The few survivors who rebuilt their lives after 1945 on the ruined foundations of German Jewry came not only from Germany but from all across central and eastern Europe. Most ended up staying by chance, not by choice, in the land of the murderers, and most were too deeply wounded in their souls to develop an active, positive Judaism ready to take on contemporary challenges. In addition, these survivors carried with them memories and traditions from their destroyed homes. These memories gave them stability, but did not provide a vision for the future. Postwar Jewry arose against the backdrop of these many, varied memories.
We children of survivors grew up with the attitude that at best we were an "epilogue." Our "Jewish upbringing" often fostered an inferiority complex, according to which we no longer really existed. Relatives from Israel or America helped confirm this complex, so that we developed neither self-confidence in our Jewishness nor an appreciation of the fact that what once had existed could still be meaningful for us. The answer, for those who wanted a real Jewish life, was-just like Yentl-to set out for America, or better yet, Israel. The very idea of promoting equality for women in the Jewish tradition in postwar Germany seemed laughable, particularly because tradition as such lay shattered, and few could picture creating Jewish life from these broken shards.
Thank God, Yentl left Europe just in time, so that the seedlings she and other Jewish women planted at least could thrive in the United States!
But this was not the entire answer.
Wouldn't Yentl encounter similar reservations among men in America as in Europe? Were not female rabbis in the United States-at least until the 1970s-just as little accepted as in Europe? In Yentl's day, was not the struggle for equality between the sexes in Judaism only starting on both sides of the ocean?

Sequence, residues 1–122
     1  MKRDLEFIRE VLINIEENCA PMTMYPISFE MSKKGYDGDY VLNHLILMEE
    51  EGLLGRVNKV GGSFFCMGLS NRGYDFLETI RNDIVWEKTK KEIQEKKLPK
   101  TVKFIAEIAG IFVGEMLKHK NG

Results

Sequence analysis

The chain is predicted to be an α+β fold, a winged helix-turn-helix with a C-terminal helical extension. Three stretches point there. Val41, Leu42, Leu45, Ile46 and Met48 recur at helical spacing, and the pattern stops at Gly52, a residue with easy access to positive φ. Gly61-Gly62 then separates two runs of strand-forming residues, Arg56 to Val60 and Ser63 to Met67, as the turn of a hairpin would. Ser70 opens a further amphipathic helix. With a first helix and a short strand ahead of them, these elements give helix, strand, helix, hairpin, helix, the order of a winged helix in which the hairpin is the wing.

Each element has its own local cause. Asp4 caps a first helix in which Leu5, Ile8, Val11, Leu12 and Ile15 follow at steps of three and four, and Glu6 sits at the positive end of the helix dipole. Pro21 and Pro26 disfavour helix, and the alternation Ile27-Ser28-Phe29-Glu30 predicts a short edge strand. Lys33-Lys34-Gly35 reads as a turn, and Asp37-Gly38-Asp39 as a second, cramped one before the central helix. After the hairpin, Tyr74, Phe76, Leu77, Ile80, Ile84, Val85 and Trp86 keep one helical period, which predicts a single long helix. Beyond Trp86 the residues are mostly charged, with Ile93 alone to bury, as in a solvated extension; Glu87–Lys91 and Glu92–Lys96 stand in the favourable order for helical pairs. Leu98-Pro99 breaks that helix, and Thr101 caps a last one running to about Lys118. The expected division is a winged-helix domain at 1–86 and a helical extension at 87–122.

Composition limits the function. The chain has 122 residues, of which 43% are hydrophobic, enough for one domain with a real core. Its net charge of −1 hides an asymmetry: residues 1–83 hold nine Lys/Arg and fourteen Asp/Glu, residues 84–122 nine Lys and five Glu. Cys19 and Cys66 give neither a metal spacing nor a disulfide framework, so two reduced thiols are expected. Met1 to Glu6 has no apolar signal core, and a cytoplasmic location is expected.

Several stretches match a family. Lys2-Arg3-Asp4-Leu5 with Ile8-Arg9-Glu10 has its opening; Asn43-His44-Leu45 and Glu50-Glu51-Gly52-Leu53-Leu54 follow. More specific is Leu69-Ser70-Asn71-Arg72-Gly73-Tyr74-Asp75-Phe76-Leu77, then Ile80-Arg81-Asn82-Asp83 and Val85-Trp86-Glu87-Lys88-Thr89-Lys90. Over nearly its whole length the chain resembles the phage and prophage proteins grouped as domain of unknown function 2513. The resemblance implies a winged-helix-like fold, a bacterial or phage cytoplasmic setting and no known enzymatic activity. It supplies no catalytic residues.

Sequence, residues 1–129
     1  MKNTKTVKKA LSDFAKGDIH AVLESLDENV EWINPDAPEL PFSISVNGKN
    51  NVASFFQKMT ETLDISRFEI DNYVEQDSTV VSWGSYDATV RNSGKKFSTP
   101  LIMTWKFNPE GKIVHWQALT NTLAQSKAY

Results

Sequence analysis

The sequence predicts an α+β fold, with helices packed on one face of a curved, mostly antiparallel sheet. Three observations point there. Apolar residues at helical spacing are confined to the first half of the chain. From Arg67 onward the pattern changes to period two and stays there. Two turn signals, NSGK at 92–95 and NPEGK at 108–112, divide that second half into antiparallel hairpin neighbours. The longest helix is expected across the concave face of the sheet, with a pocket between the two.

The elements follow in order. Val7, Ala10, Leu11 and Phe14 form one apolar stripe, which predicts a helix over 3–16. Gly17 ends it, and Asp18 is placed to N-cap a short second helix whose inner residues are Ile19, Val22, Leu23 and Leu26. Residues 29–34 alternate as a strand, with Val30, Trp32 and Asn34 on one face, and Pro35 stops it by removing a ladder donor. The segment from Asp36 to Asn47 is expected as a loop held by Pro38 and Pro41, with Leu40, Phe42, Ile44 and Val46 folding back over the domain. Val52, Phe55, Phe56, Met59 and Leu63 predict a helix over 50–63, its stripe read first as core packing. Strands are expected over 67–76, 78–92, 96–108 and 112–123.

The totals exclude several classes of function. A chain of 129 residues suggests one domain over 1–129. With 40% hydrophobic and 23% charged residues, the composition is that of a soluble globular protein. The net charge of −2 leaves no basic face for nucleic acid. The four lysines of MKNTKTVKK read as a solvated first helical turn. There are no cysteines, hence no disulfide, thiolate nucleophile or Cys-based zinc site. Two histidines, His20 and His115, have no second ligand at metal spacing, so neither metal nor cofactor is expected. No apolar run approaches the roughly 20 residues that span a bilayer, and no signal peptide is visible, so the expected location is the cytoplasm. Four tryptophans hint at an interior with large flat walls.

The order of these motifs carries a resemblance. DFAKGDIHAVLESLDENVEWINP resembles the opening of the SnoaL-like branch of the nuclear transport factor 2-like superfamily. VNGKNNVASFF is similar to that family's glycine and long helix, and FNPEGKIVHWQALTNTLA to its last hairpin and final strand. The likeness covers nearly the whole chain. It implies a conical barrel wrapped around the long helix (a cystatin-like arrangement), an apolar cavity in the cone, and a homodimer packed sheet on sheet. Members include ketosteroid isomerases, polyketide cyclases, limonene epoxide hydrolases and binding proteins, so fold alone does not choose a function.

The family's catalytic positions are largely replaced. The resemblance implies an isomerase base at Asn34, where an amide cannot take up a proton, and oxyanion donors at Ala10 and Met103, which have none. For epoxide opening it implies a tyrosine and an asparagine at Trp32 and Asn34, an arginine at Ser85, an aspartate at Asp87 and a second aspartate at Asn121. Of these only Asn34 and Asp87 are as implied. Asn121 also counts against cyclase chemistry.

Between Yentl's generation and mine lay the abyss of the Shoah. But between the film Yentl and the publishing of this book today, an event occurred that changed our outlook: the fall of the Berlin Wall in November 1989. Before, few thought European Jewry would ever thrive again, to pick up where it left off in 1933. But unlike Yentl, who had to leave at the end of the story, European Jews in my generation have reasons to stay.
Some of those reasons were revealed like long-hidden treasures when, after the end of the communist dictatorship in the East, the archives of the former East Germany were opened. In 1989 the remaining Gesamtarchiv der deutschen Juden (Central Archive of German Jewry) was located in Potsdam. Seven years later, in 1996, this archive was given to the Stiftung Neue Synagoge Berlin-Centrum Judaicum. The archive contained sensational material. And the most remarkable rediscovery was-in my view-the first female rabbi in the world: Regina Jonas.
* * *
In 1989 the name Regina Jonas was barely known anymore. She was born on August 3, 1902, in Berlin and murdered in Auschwitz, most likely on October 15, 1944. Jonas had given her documents presumably to the Berlin Jewish Community for safekeeping in 1942 shortly before her deportation to the Theresienstadt concentration camp. Most probably, these fourteen files were transferred from the Berlin Jewish Community to the archive, where they lay for five decades without awaking anyone's interest.